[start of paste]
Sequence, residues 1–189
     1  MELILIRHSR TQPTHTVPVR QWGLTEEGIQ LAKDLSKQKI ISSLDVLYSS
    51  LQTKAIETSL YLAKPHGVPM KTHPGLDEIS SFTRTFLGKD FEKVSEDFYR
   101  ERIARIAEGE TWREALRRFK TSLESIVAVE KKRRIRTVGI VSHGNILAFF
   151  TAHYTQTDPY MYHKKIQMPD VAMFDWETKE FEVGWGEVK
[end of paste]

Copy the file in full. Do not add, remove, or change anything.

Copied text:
Sequence, residues 1–189
     1  MELILIRHSR TQPTHTVPVR QWGLTEEGIQ LAKDLSKQKI ISSLDVLYSS
    51  LQTKAIETSL YLAKPHGVPM KTHPGLDEIS SFTRTFLGKD FEKVSEDFYR
   101  ERIARIAEGE TWREALRRFK TSLESIVAVE KKRRIRTVGI VSHGNILAFF
   151  TAHYTQTDPY MYHKKIQMPD VAMFDWETKE FEVGWGEVK